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Use and misuse of data

The amount of data being collected by various organisations has been growing rapidly since the realisation that it could be 'mined'.
© Coventry University. CC BY-NC 4.0

The amount of data being collected by various organisations has been growing rapidly since the realisation that it could be ‘mined’ and used to identify patterns and trends, root out inefficiencies or tweak products and pricing. Until quite recently, this was considered good practice and a sign of an organisation adapting to the bright new world of big data.

In the past few years, however, the world has begun to recognise the potential dark side to this kind of activity. One of the most high profile cases is perhaps that of Cambridge Analytica, but it is definitely not an isolated issue.

The Data Protection Act, as we have already discussed, specifically sets out certain protections that are intended to curb the worst of these problems.

It’s easy to see that certain uses are good and others bad. Using large collections of data to help cancer research, for example, is clearly a good thing. Using data to shift election voting is just as clearly a bad thing.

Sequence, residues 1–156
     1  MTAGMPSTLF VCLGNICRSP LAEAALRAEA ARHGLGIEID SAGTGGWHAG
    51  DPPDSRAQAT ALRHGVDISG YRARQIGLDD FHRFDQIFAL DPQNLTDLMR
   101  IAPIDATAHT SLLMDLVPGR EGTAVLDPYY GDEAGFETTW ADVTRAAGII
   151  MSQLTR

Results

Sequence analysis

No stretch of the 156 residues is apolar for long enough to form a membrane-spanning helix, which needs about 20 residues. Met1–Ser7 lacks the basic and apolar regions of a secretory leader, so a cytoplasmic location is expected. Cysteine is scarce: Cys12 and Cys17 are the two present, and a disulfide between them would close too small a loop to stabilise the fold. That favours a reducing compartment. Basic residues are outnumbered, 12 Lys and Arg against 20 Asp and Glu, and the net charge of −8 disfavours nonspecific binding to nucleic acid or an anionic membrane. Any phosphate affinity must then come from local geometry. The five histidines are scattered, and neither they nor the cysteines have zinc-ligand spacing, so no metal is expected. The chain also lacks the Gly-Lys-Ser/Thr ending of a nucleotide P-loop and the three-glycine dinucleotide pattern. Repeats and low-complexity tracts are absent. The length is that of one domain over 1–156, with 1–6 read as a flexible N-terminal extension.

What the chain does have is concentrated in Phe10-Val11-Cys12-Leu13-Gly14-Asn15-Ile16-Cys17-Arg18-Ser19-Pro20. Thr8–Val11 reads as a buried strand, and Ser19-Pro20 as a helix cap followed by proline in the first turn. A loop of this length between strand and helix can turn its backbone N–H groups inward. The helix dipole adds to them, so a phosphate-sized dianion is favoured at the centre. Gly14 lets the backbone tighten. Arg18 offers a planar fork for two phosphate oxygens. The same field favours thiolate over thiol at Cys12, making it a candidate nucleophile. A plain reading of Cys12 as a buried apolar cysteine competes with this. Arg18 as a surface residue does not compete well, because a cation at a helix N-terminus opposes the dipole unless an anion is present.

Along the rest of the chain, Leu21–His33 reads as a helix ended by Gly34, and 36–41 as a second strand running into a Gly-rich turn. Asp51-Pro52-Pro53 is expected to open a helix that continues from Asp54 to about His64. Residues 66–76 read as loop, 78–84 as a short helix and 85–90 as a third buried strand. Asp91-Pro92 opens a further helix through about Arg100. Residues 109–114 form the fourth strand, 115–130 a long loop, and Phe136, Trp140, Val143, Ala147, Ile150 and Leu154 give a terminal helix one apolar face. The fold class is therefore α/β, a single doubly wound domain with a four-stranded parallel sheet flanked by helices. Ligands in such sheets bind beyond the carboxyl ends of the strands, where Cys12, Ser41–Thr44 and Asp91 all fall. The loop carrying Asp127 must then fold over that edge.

For this activity, we would like you to read about how John Deere uses big data, collected with the help of their fleets of high-tech farm equipment, to assist farmers, reduce machine down-time, plant crops in the right places or plan efficient routes for harvesting. Start with this article from Datafloq but feel free to expand your reading.

At first, this sounds like a very good use of data. It helps farmers, raises crop yields and lowers fuel consumption.

Now, consider what might happen if the same company, while still using the data for all of those good purposes, started to also use it to work out what crops were going to do well across the country, or which would fail, which would be in short supply, and so on. Should they be able to use this knowledge to play the stock market? The data collected isn’t ‘personal’ in the sense it doesn’t need to identify individual farmers or even farms, but should those farmers, who are using John Deere equipment that collects the data, be allowed to opt out? Should they be compensated if John Deere uses the data for profit in this way?

Just to be clear, we are not suggesting that this is something John Deere actually does. Rather, we want you to think through the problem without being influenced by reporting, as might happen if we chose Cambridge Analytica, for example.

Your task

Think about the potential use or misuse of the data collected by John Deere. Do you think it is legal or moral? Use the discussion to make your case and see what your fellow learners think about this topic.

References (2018) Data Protection Act 2018 [online] available from [31 July 2019]

© Coventry University. CC BY-NC 4.0
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